What was this bridge like? It was very long in the first place, and it was not even one bridge. Several options for the location of the bridge were considered, and finally, the selected route passed over the bay of the winter port, on the Népsziget and on the Danube itself. Above the winter port, the river was crossed by a 220-metre, six-span bridge, which then ran 300 metres on an embankment above Népsziget. Here, a three-span vaulted stone bridge was built into the embankment, mostly to drain the water that accumulated above the embankment during the flood. It was followed by the 670-metre-long 8-span Danube Bridge, which consisted of seven 92-metre spans and a 22-metre span in Óbuda. The span in Óbuda was necessary due to an interesting rule of the era, as it was stipulated that a place should be left next to the Danube for a boat towing route, which was thus passed here. The total length of the two bridges and the intermediate embankment was around 1,200 metres.

The bridge, despite being the longest Hungarian railway bridge at the time, was extremely cheap.

The issue of the Építő Ipar of 27 November 1895, presented the structure that was still under construction at this time:

“Even the bridging of the Great Danube branch surpasses­ the other 8 Danube bridges in Hungary, of which the Margit Bridge has been the longest so far (exactly 530 metres); and the length of the entire bridge - including the intermediate embankment - is almost four times the length of the shortest Danube bridge, near Fővám Square, which is currently under construction and only about 330 metres long.

The Danube Bridge in Újpest is used for the passage of a railway track, and therefore the width of the bridge is only 4'25 metres above the Great Danube branch. This relatively small width is striking, along with the great length of the bridge and the height of the brackets for the larger spans at 12'5 metres.

Looking at the size of the structure, it was built very cheaply, as the cost of 1.7 million dwarfs the price of 2.5 million built by Franz Joseph (today's Szabadság Bridge) at the same time.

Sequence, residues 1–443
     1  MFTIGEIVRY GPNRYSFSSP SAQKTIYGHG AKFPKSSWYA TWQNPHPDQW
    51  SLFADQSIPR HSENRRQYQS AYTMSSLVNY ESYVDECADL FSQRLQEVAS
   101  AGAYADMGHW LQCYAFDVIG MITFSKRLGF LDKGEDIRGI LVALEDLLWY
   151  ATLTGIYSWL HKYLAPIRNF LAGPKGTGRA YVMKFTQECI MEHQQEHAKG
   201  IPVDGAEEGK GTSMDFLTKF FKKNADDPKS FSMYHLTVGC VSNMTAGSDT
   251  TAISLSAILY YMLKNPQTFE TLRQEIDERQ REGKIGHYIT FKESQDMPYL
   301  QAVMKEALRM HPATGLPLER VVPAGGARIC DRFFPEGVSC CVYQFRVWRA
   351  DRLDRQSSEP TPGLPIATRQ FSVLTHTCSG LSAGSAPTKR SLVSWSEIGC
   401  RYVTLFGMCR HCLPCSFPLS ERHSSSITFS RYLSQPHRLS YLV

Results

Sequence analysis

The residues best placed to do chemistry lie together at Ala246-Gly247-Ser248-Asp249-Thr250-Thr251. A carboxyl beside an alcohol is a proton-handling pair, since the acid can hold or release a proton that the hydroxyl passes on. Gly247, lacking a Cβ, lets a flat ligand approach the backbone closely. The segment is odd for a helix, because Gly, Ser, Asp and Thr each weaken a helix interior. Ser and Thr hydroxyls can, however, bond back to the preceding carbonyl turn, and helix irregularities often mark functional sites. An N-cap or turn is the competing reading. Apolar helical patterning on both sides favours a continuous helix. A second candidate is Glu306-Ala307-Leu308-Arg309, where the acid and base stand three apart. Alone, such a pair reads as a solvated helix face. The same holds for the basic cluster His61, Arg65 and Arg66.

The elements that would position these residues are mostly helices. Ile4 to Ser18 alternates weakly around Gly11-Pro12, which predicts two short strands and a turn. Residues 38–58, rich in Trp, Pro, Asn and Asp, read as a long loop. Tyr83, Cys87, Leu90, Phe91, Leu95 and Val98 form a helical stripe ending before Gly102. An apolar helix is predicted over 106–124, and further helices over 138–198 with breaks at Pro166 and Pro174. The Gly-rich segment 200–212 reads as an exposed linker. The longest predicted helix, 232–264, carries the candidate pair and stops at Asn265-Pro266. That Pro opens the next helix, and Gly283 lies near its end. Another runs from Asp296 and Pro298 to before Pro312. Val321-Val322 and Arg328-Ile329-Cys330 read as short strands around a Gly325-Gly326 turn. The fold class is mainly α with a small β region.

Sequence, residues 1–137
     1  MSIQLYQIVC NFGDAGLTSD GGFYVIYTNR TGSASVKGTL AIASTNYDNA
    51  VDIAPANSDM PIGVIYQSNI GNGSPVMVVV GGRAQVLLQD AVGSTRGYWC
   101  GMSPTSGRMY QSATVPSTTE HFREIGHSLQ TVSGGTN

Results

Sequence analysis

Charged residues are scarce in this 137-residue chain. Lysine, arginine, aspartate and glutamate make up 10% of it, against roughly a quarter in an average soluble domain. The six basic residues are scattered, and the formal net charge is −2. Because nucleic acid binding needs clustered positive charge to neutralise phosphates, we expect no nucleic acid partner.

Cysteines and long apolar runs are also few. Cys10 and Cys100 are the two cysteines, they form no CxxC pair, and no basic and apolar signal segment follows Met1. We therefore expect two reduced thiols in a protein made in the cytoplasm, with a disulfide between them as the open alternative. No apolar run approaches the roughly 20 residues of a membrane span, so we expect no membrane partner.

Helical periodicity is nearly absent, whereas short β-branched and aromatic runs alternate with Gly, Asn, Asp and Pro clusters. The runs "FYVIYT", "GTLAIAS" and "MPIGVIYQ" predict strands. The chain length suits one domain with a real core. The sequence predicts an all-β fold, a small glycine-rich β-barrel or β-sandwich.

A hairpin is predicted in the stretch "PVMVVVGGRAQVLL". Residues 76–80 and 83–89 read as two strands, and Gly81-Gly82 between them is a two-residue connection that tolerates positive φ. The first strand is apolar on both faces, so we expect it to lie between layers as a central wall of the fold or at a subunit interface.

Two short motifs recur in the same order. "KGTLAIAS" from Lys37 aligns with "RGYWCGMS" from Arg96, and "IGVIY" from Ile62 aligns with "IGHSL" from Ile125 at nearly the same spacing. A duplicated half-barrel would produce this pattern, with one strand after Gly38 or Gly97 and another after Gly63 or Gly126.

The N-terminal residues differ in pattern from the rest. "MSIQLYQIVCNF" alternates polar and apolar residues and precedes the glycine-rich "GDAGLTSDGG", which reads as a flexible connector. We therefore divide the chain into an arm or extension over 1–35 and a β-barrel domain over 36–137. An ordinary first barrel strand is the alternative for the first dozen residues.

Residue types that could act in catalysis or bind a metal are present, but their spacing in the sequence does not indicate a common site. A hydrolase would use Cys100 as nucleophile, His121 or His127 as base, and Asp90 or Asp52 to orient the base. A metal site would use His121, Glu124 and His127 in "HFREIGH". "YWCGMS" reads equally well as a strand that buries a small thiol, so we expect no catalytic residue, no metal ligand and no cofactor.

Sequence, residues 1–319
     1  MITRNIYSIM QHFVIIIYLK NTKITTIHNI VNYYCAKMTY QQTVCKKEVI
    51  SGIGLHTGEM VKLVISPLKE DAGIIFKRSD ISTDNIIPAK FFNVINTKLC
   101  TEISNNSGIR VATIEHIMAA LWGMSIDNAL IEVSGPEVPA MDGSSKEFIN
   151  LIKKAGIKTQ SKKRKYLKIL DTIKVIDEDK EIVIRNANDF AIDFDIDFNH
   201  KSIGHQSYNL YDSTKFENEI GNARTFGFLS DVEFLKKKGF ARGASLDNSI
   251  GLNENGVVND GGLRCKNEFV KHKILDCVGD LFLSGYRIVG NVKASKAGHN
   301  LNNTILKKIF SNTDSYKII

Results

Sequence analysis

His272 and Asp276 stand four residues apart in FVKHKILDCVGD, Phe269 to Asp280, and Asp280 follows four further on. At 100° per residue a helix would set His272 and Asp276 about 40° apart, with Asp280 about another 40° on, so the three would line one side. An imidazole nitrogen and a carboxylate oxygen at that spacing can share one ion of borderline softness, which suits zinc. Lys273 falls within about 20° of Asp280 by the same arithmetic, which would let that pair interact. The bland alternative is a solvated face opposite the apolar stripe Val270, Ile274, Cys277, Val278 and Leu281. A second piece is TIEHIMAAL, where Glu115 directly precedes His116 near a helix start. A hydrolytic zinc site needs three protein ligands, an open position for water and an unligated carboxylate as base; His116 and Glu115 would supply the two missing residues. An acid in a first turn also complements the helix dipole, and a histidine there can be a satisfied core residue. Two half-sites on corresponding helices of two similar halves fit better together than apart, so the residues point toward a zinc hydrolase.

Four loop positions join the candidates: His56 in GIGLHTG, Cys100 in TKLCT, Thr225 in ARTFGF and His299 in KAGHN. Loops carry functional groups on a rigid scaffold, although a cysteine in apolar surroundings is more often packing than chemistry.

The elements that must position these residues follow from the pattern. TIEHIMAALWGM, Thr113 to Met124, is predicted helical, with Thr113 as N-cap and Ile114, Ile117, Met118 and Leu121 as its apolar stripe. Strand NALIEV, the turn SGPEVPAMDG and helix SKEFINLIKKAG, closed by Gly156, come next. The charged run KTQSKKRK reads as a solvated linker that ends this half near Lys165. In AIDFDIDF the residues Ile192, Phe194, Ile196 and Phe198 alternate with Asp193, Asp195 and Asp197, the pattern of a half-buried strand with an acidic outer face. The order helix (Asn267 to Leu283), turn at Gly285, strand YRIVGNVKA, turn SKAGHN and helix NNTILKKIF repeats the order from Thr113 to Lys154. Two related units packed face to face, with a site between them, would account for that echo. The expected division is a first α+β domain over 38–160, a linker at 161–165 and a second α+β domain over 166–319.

The bridge not only served the railway, as a sidewalk was also built, which was very useful for the people of Óbuda, who could reach the factories in Újpest more easily.

The role of the bridge appreciated almost immediately after its opening, the traffic was much higher than expected, so as early as 1903 the structure had to be strengthened. In the following decades, the bridge was further strengthened twice more, in 1911 and 1932, as the weight of trains increased in addition to traffic.

The Újpest Railway Bridge was strengthened several times but served railway transport for almost 50 years (Photo: Fortepan/No.: 10275) 

The bridge was hit by several bombings in the second half of 1944, and then between 24-29 December, it was blown up by several blasts, leaving only one structural element floating alone in the middle of the Danube.

After the war, the reconstruction was not very important, the freight trains that had to be forwarded to Pest ran at night on the Árpád Bridge, which was completed by 1950. The new bridge was finally built in 1955, as previously written on PestBuda, with a temporary structure used at the Southern Connecting Railway Bridge. However, the only remaining span was used for decades, as - a bit shortened - it was erected above Sió in Simontornya.

Cover photo: It was the longest railway bridge in the country (Photo: FSZEK Budapest Collection)